“The Trial of Ratko Mladic,” a 90-minute documentary that debuted at the International Documentary Film Festival Amsterdam (IDFA) last November featuring Dickinson Law Professor of Law Dermot Groome, made its U.S. premiere on Thursday, March 14 at the Dodd Center for Human Rights at University of Connecticut School of Law. It was broadcasted nationally at 9 p.m. EST, March 19 on "FRONTLINE" — PBS’ flagship investigative journalism series that explores and illuminates the critical issues of our times from business and health to social issues, politics and war.
The documentary captures the essence of “The Prosecutor v. Ratko Mladic,” a five-year war crimes trial led by Groome against the Army of Republika Srpska Commander Ratko Mladic, one of the most infamous figures of the Balkan wars in the 1990s. Mladic was sentenced to life imprisonment after being convicted on Nov. 22, 2017, of genocide, crimes against humanity and war crimes for the 1995 Srebrenica massacre of over 7,000 Muslim men and boys; for leading the nearly four-year siege of Sarajevo, in which thousands were killed; and for the ethnic cleansing of non-Serbs from large areas of Bosnia and Herzegovina.
Groome led the prosecution of the case once Mladic, who was a fugitive for 16 years, was arrested in May 2011.
“Two well-known and well-respected documentary filmmakers Henry Singer and Rob Miller approached the tribunal with a proposal to follow the case and produce a documentary that would give viewers an inside look at the work of the different participants in the case: prosecution, defense and victims/witnesses,” said Groome. “Henry and Rob faced the impossible task of distilling several years of one of the largest international prosecutions in history—one with nearly 600 witnesses, thousands of hours of court proceedings and almost 10,000 exhibits—into a 90-minute film.”
Groome, who appears in a number of scenes throughout the film, including presenting the opening statement, conducting staff meetings, and working at the site of a mass grave in Tomasica, Bosnia, was initially reluctant to participate, but agreed to do so after believing the filmmakers fully appreciated the sensitivities of all witnesses—both prosecution and defense—and would educate the public about the important responsibilities and work of international prosecutors.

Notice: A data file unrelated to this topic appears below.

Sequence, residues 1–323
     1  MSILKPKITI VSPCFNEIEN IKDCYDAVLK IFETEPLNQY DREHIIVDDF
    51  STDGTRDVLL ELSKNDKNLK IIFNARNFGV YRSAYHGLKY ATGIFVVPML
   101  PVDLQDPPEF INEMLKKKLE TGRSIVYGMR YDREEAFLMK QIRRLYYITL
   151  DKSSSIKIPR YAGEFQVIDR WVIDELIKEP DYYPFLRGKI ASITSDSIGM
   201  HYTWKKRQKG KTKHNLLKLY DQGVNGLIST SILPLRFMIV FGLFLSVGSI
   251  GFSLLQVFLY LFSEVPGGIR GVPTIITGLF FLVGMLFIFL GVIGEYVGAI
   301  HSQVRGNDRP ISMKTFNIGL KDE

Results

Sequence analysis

Thomas J. Parsons, adjunct professor at Penn State Eberly College of Science who directs Forensics Sciences for the International Commission on Missing Persons (ICMP), provided testimony during the trial as an expert witness for the prosecution, in which he explained the methodology ICMP used to analyze the remains found in mass graves that were revealed through aerial imagery provided by the U.S. and others.
“Dr. Parsons gave evidence that helped establish the identity of the victims of the Srebrenica massacres,” said Groome. “His work was not only an important contribution to the evidence in the case, but also gave the families of the victims the ability to bury their loved ones with dignity.”
Third-year Dickinson Law student Olivia Phillips, like other Dickinson Law students before her, had an opportunity to work on the case as part of Dickinson Law’s International Justice Program, an internship opportunity overseen by Groome. Phillips helped draft the response brief in the appeal filed by Mladic’s lawyers.
In addition to its premiere at the IDFA, the film will be screened at a number of U.S. and international law schools in the coming months. It most recently was shown in Oslo at Human Rights/Wrongs 2019, an international film festival designed to draw attention to important films related to human rights. Plans are underway to screen the film at Penn State this year.
Groome has extensive prosecutorial, investigative and international experience. Prior to joining the Dickinson Law faculty, he spent more than 11 years as a senior prosecutor at the ICTY, where his work included a senior role in the Bosnian indictment against Slobodan Milošević, and the prosecution of Milan Lukić and Jovica Stanišić, the head of the State Security Service in Serbia. Groome is the author of the Handbook of Human Rights Investigation (2001, 2011), has appeared as an expert before the Human Rights Council and is a member of an expert group advising State Parties to the International Criminal Court. He most recently is tackling the problem of crimes against child soldiers and calling for a reconceptualization of how we approach the problem. He began his legal career as a prosecutor in Manhattan where he was a member of the Sex Crimes Unit. He supervises the Law School’s Center for International Trial Advocacy and International Justice Program at The Hague, Netherlands.